Halogen-free cables pose electrical, mechanical, and performance challenges
Halogens, specifically chlorine and bromine, are suspected of posing serious dangers to human health and the environment when used as a brominated flame retardant (BFR) or in polyvinyl chloride (PVC). As a precautionary measure, many electronics manufacturers have adopted proactive policies to phase out the use of BFRs and PVC.
During the past several years, the electronics industry has been searching to identify PVC-free replacements for its cables and wires that are capable of meeting both stringent performance and safety requirements. A robust and cost-effective drop-in PVC-free replacement has yet to be identified.
To speed the process along, the High Density Packaging User Group (HDP User Group) consortium launched a project that brought together various parts of the supply chain during a three-year period - managing to work around intense intellectual property concerns - to search for halogen-free materials to replace PVC.
As part of this project, the electrical, mechanical, and performance characteristics of more than 50 halogen-free compounds were thoroughly investigated. Of these, 40 halogen-free compounds were successfully manufactured into cables. While these cables may or may not satisfy all baseline requirements, the consortium’s results are an encouraging step toward designing halogen-free, flame-retardant compounds.
Environmental impetus behind halogen-free cables
Environmental regulations such as the European Union’s Restriction of Hazardous Substances Directive (RoHS) and Waste Electrical and Electronic Equipment Directive (WEEE) mandate that certain chemicals used by the industry that are deemed as “hazardous” must be either phased out or restricted.
Halogens are among the chemicals identified as being potentially dangerous. The danger of using BFRs and PVC in electronics centers primarily on its end-of-life (EOL) disposal and the combustion byproducts that are released when using improper incineration methods.
A highly controlled incineration process must be used (>800°C) to prevent the creation of furans or dioxins, because incomplete combustion of halogens can create dioxin. Dioxins are highly toxic and of especially high concern during the uncontrolled burns typically used in developing countries—where much of this type of electrical waste is sent—to extract the precious metals used in cables.
Halogens are also suspected of being bioaccumulants, toxic and carcinogenic with chronic exposure, and environmentally persistent.
Why is halogen use so prevalent?
One of the key challenges the electronics industry faces is that because PVC is inherently flame retardant and works so well in terms of chemical and electrical performance, it can also be easily compounded to create other properties required for a wide variety of cable constructions, and it’s widely used in many products (See Figure 1).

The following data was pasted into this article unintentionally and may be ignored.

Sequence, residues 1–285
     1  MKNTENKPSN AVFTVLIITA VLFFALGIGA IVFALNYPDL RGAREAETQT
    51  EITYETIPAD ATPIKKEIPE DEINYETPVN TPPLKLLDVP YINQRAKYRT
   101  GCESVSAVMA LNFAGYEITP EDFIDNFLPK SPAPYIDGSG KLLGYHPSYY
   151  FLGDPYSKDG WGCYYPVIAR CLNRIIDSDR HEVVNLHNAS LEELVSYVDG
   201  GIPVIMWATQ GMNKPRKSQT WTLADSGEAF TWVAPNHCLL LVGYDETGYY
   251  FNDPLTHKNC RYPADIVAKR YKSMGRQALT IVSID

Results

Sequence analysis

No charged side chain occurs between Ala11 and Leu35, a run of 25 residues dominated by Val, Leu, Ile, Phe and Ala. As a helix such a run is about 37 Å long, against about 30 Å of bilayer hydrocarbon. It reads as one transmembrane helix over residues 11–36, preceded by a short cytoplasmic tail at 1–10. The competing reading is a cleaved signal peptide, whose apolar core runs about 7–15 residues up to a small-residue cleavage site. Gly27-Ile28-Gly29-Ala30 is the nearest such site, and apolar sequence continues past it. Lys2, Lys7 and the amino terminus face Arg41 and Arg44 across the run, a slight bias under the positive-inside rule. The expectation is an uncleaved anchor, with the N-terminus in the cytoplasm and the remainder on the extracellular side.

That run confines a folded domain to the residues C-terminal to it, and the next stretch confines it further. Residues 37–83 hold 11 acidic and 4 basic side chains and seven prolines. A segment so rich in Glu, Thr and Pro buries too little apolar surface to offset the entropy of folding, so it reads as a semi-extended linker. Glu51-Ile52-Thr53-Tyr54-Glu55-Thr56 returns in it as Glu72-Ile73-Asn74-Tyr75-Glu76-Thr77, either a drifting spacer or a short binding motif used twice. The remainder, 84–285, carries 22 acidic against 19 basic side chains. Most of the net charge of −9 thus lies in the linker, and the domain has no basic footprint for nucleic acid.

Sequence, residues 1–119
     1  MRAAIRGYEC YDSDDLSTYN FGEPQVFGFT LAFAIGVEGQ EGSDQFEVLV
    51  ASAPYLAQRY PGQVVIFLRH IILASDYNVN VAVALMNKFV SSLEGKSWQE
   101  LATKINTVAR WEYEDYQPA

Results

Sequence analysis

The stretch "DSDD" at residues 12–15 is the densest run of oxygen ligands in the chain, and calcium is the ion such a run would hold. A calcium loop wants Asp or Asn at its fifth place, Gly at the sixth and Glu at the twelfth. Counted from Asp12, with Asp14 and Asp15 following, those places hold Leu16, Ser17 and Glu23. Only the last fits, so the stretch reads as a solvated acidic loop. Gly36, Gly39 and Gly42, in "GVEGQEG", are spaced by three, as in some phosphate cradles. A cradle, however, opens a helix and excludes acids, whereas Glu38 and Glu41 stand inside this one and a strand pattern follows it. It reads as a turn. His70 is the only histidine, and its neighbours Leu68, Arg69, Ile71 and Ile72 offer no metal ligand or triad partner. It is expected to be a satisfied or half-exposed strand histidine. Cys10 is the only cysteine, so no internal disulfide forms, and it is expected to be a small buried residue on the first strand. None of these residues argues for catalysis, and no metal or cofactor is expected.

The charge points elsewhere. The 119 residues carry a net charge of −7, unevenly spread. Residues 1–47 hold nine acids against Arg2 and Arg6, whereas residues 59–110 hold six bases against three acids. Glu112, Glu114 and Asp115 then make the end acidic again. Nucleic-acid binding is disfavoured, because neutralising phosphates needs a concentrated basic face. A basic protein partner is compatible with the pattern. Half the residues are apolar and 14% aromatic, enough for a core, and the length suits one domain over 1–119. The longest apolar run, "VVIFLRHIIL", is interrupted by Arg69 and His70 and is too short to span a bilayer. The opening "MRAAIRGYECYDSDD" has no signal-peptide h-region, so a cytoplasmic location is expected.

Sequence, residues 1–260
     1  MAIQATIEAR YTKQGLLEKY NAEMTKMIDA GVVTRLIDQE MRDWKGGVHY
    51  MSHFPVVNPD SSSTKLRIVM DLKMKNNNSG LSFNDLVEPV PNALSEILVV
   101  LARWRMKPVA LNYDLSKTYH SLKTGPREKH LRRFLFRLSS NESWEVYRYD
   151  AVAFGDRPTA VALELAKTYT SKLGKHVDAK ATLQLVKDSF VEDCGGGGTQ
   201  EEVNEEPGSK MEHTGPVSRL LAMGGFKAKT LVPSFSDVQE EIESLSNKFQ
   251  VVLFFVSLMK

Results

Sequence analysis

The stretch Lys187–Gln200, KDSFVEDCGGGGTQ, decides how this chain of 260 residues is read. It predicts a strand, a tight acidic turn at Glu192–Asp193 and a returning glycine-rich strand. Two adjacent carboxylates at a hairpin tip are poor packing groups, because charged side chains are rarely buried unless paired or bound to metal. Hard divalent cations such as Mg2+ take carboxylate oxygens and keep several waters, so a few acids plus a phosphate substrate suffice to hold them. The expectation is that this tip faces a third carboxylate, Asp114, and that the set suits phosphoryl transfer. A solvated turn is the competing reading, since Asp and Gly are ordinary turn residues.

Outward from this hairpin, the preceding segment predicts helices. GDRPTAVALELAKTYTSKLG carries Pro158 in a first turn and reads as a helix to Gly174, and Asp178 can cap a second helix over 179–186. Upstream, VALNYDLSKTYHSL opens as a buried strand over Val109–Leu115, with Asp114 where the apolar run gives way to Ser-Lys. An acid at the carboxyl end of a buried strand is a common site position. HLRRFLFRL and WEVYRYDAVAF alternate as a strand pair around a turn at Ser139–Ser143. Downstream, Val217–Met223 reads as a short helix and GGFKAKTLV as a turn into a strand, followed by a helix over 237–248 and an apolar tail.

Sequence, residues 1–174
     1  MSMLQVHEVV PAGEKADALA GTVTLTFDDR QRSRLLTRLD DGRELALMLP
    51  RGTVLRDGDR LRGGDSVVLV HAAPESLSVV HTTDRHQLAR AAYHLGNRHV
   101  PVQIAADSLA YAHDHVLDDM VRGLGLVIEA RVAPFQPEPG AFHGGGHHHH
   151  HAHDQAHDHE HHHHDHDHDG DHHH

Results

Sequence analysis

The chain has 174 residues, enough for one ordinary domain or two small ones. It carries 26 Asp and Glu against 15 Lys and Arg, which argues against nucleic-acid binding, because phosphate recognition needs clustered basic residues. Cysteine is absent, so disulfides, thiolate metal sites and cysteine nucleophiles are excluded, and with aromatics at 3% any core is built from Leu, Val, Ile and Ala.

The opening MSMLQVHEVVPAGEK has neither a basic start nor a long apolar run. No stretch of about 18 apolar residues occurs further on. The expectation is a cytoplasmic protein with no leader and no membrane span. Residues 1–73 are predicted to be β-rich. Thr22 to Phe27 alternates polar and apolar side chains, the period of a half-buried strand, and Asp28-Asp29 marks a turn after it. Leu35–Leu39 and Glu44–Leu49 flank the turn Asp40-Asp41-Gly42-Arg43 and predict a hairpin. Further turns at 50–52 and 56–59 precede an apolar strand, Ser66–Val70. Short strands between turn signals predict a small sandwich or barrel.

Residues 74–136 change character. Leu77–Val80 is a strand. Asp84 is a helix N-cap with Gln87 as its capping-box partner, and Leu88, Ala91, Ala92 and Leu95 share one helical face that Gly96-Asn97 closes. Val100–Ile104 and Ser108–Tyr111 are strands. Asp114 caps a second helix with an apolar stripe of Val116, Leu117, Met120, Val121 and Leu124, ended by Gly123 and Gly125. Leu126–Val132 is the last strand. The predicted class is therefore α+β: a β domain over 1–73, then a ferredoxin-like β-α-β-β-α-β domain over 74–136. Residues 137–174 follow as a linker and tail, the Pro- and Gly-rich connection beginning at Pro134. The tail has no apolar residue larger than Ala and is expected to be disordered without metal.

For example, BRF and PVC are used in electronics products, including, but not limited to: internal cables, external wires and power cords; any electrical part with plastic encapsulation, mold compounds, and substrate materials; connectors; plastic bumpers and shock absorbers; keyboards, mice, webcams, and speakers; capacitors; heat sinks; PCB laminates; printer fuser assembly; flexible plastic parts; hard plastic parts; and labels, films, and insulation tapes.
The combination of physical performance, fire safety, transmission characteristics, processability, color, appearance, touch, feel, flexibility, and cost are all extremely difficult to balance to achieve halogen-free materials designed to replace PVC.
Halogen-free compounds are based on a variety of resin systems that can be flammable and generate smoke. To suppress these characteristics, they must be highly filled with bulky flame retardants and smoke suppressants to meet safety performance requirements. This translates into much more expensive cables that are more difficult to process—particularly into odd geometries frequently used for electronics, such as flat ribbon cables, or small or mini wires.
Technical challenges vary not only by product type, but also by material chemistry. Compounders use various ingredients that present unique technical challenges that must be well understood prior to selection to ensure the materials can meet wire and cable requirements, including future regulatory mandates.
While there are commercially available PVC-free alternatives at this time, they either have performance degradation issues or their cost is simply too prohibitive to be considered in high-volume production environments. Supply chain capacity is also a concern with halogen-free materials.